By MIA LAMAR
Tyco International struck a deal with Pentair to merge the
maker of water treatment and storage systems with its pipes and
valves unit, valuing the business at roughly $4.5 billion.
The deal, if approved by shareholders, would see Tyco own
roughly 52.5% of the combined company and Pentair own about
The new company is expected to take the Pentair name and be
led by Randall J. Hogan, Pentair's current chairman and chief
Shares of Pentair jumped 11% to $44.61 in premarket trade on
the report. Tyco shares were inactive from their Tuesday close
Tyco in September unveiled plans to split itself into three
publicly traded companies devoted to home security, pipes and
valves, and fire protection, putting it among a string of large
US companies that have decided the sum of their parts is worth
more than the whole.
"This transaction provides compelling value for Tyco
shareholders through ownership in a combined company with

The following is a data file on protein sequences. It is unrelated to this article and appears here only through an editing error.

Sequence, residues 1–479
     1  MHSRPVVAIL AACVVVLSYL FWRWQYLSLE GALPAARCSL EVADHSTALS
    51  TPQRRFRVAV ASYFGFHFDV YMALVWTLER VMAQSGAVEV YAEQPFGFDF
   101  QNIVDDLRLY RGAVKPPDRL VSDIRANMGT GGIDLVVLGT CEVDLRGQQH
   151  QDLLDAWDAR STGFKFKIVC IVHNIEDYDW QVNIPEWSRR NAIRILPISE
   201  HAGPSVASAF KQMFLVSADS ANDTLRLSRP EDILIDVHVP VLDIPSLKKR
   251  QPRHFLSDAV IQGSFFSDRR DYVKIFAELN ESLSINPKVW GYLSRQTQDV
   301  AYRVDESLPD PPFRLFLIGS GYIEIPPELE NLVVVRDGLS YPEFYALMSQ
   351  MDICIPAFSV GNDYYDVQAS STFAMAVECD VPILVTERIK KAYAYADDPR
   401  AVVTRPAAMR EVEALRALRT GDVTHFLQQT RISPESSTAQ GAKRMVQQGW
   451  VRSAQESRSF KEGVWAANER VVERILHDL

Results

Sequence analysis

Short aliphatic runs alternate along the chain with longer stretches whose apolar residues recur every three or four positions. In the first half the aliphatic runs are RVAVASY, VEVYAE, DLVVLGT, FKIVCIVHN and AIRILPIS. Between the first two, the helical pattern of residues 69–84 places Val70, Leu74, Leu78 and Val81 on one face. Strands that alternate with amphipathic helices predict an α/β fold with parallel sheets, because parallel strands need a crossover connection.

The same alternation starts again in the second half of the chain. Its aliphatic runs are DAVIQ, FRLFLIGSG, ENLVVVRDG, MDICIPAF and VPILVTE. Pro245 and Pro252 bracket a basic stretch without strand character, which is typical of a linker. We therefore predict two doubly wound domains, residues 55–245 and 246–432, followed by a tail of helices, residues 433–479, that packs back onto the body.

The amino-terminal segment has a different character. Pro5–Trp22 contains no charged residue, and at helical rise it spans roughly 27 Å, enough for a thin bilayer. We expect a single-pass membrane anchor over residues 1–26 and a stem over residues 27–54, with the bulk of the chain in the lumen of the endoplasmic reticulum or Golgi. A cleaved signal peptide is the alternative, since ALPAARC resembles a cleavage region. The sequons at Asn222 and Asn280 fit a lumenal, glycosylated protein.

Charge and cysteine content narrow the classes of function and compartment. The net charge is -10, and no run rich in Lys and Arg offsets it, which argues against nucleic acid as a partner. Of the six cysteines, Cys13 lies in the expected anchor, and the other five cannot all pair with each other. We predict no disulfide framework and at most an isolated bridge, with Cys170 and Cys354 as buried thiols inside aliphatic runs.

earnings and cash flow prospects that are greater than an
independent, publicly traded Tyco Flow," Tyco CEO Ed Breen said
Tyco noted that it continues to expect to complete its full
separation plans by the end of September.
The company's fiscal first-quarter earnings reported in
January showed a 49% slump in profit as results took a hit from
costs tied to its planned separations.
Pentair has seen recent results boosted by sales in emerging
markets though it has more recently warned of higher costs and
softer-than-expected sales weakening the bottom line.
In May, the company completed its acquisition of Clean
Process Technologies for about $705 million, a move that was
expected to increase Pentair's exposure to emerging
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